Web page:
Plug Power’s [PLUG] share price has gained 31.55% year to date (through 9 March’s close) and was up 780.1% from its price a year ago. However, these figures mask a steep decline in Plug Power’s share price, which has undone a rapid rise in the first month of 2021.
The stock hit an intraday high of $75.49 on 26 January but, since then, Plug Power’s share price has fallen 43.9% to close at $42.32 on 9 March.
Similarly, Bloom Energy’s [BE] share price grew rapidly at the start of the year to reach an intraday high of $44.95 on 8 February. However, it has since fallen 39.5% to $27.18 on 9 March.
Plug Power's YTD share price rise
Despite the recent fall, Bloom Energy’s share price is still up 203% in the past year. However, unlike Plug Power, Bloom Energy’s share price has lost value so far in 2021 and was down 0.4% at 9 March’s close.
Talk in Washington has recently turned from the details of US President Joe Biden’s coronavirus pandemic relief stimulus to his infrastructure plan for a clean energy economy, which could be a major boost for Bloom Energy and Plug Power’s share prices, amongst other companies.
Assuming that something resembling the Build Back Better recovery plan is agreed, the infrastructure bill would include building 1.5 million sustainable new homes, zero-emissions public transport across US cities and having a carbon-free power sector in place by 2035.
Such a plan could also see greater investment in electric vehicle (EV) charging stations, Sameer Samana, senior global market strategist at Wells Fargo, told Fortune. The administration has said it aims to build over 500,000 of them. The charging station market is set to surpass $39bn by 2027, according to Precedence Research.
Estimated valuation of the charging station market by 2027
Running out of charge is presently a major impediment to growing America’s fleet of 1.8 million electric cars, given that only 100,000 charging points spread across 41,000 stations exist to serve it, Business Insider notes.
Nick Nigro, the founder of Atlas Public Policy, told the publication that the Biden administration should borrow from Tesla’s [TSLA] playbook of investing early on in a widespread charging network to ensure a lack of charging access is not a block for consumers interested in purchasing an EV. This could see channels like the State Energy Program issuing installation grants to vendors, potentially including Plug Power.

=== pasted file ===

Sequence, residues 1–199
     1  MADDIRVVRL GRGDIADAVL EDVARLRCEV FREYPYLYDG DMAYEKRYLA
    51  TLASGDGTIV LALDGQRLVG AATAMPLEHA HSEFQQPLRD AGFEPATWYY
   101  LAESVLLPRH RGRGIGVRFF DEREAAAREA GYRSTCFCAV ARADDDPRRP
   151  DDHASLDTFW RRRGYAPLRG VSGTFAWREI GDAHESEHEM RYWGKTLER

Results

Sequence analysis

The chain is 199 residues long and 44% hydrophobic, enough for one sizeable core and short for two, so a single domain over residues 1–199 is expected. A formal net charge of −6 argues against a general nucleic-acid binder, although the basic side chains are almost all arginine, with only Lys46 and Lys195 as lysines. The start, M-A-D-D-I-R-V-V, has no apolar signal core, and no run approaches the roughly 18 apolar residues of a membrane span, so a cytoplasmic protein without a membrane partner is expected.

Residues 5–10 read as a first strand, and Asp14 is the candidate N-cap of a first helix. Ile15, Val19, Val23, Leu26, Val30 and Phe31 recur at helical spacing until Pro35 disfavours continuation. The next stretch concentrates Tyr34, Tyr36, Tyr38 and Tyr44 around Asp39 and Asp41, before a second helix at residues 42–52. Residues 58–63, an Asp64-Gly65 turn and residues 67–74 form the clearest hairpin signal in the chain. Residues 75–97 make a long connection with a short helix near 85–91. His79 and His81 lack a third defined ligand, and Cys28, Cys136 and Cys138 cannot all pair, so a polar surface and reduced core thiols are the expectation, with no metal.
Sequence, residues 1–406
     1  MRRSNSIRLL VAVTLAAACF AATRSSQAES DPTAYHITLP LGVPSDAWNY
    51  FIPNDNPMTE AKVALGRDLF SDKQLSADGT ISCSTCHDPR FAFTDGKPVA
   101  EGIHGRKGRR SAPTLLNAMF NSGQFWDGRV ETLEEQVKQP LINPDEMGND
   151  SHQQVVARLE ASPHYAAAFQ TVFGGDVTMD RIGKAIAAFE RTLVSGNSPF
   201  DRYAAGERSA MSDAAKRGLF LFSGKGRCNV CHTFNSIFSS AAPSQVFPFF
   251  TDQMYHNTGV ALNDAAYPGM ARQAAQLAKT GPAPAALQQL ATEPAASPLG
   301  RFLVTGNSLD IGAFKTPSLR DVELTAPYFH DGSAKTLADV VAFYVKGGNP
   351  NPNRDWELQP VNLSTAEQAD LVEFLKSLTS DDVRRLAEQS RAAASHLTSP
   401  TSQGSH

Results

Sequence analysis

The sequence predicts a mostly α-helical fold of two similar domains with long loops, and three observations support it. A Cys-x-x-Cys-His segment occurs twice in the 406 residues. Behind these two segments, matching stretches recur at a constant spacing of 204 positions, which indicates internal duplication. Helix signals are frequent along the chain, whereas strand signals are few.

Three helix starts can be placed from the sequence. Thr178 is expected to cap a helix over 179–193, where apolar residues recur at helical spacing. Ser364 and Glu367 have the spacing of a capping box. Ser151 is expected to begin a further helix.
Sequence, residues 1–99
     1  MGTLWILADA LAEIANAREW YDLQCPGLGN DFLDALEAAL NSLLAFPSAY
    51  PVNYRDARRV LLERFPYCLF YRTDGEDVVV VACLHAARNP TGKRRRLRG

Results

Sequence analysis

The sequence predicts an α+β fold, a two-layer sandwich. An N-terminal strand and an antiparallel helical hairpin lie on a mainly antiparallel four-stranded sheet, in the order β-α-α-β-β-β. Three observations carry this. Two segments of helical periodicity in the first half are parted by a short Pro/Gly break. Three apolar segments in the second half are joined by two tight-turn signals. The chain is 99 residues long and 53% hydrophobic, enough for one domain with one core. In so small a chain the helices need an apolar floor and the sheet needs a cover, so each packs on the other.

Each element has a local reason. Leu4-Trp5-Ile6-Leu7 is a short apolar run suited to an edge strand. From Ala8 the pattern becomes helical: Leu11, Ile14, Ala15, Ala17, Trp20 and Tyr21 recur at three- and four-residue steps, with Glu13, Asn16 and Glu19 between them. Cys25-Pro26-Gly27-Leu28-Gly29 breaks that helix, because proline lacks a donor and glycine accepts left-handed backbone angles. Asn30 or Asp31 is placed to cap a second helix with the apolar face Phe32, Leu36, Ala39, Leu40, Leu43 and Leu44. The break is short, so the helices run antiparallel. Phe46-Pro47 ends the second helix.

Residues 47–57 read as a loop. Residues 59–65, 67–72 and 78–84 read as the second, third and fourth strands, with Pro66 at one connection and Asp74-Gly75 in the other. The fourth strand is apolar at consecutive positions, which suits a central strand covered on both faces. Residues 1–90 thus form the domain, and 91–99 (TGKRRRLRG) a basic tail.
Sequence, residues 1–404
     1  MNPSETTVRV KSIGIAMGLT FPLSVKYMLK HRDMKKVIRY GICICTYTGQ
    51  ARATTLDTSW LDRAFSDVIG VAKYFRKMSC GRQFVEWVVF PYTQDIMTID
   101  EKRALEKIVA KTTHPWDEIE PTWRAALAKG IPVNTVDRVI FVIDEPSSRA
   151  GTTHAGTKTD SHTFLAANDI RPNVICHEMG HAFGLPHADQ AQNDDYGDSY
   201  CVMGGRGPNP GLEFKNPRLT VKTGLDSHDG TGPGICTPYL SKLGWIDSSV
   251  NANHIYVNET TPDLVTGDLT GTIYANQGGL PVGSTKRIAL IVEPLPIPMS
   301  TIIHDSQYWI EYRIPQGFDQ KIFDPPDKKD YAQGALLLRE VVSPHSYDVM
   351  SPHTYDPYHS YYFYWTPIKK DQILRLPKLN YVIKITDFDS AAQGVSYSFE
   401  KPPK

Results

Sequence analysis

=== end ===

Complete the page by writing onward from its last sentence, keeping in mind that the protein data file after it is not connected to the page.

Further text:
Similarly, moves from the new administration to decarbonise the US’s grid would play straight into the hands of Bloom Energy, whose industrial electrolyser promises to convert clean energy and water into hydrogen for fuel cells powering utilities, ships and long-haul trucks. Bloom Energy’s management estimates its potential market to be in excess of $2trn, according to The Motley Fool’s Travis Hoium.
Republicans could look to limit the plan, however, by refusing to support “controversial” agenda items related to the Green New Deal, Bloomberg notes. Biden’s own transport secretary Pete Buttigieg has also told the publication to rule out raising fuel taxes.
Biden could get the bill through the Senate without Republican support, but the narrowness of the Democratic majority could mean that negotiations over its exact contents will push its passage back, according to Goldman Sachs analysts quoted by Forbes.
This element of doubt appears to have hindered the prospects of both Plug Power and Bloom Energy, whose share prices fell by 18.8% and 10.2%, respectively, over the course of the week commencing 1 March, despite initially gaining when investors turned from pandemic relief to infrastructure spending.
Clean energy in bloom
Plug Power’s share price is viewed as a solid longer-term prospect, with JPMorgan analyst Paul Coster upgrading the stock from neutral to overweight and restating a $65 price target, according to Benzinga in the first week of March.
He said in a note that investors typically viewed Plug Power as “a leading contender for a meaningful share of [the] future Hydrogen economy”.
Growth of the SPDR S&P Kensho Clean Power ETF over the past 12 months
Bloom Energy, similarly, is highlighted as “a top pick in the fuel cell sector”, by Enterprising Investors in Seeking Alpha. As one of the cheapest fuel cell stocks, Bloom Energy is not yet tarnished by the extravagant valuations gained by the likes of Plug Power. Bloom also already has a steady revenue stream.
All ETFs under the clean energy heading on Opto’s Thematic ETF screener have fallen in the past month. The SPDR S&P Kensho Clean Power ETF [CNRG], for example, holds Plug Power as its fifth-largest constituent with a 3.82% weighting and has fallen 20.79% over the past month (through 9 March’s close).
However, on a positive note, the fund was still up 157.89% over the past 12 months.
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